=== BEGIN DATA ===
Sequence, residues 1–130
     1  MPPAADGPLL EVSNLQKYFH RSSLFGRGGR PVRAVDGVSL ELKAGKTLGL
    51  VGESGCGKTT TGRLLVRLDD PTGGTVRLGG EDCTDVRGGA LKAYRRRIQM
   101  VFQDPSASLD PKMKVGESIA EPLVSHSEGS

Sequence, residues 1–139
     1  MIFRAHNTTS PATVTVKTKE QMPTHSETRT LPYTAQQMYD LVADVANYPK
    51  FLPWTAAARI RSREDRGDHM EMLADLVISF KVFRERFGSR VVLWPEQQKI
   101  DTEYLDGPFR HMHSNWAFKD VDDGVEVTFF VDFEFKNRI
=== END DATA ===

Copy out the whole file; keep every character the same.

Sequence, residues 1–130
     1  MPPAADGPLL EVSNLQKYFH RSSLFGRGGR PVRAVDGVSL ELKAGKTLGL
    51  VGESGCGKTT TGRLLVRLDD PTGGTVRLGG EDCTDVRGGA LKAYRRRIQM
   101  VFQDPSASLD PKMKVGESIA EPLVSHSEGS

Sequence, residues 1–139
     1  MIFRAHNTTS PATVTVKTKE QMPTHSETRT LPYTAQQMYD LVADVANYPK
    51  FLPWTAAARI RSREDRGDHM EMLADLVISF KVFRERFGSR VVLWPEQQKI
   101  DTEYLDGPFR HMHSNWAFKD VDDGVEVTFF VDFEFKNRI